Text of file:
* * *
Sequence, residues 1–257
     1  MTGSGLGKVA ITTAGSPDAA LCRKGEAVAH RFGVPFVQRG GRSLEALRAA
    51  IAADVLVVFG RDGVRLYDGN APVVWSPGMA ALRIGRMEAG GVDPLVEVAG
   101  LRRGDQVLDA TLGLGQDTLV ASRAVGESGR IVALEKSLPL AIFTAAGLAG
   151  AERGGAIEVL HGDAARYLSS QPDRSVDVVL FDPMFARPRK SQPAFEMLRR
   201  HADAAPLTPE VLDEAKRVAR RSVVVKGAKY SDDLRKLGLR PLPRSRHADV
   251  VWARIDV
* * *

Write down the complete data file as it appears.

Sequence, residues 1–257
     1  MTGSGLGKVA ITTAGSPDAA LCRKGEAVAH RFGVPFVQRG GRSLEALRAA
    51  IAADVLVVFG RDGVRLYDGN APVVWSPGMA ALRIGRMEAG GVDPLVEVAG
   101  LRRGDQVLDA TLGLGQDTLV ASRAVGESGR IVALEKSLPL AIFTAAGLAG
   151  AERGGAIEVL HGDAARYLSS QPDRSVDVVL FDPMFARPRK SQPAFEMLRR
   201  HADAAPLTPE VLDEAKRVAR RSVVVKGAKY SDDLRKLGLR PLPRSRHADV
   251  VWARIDV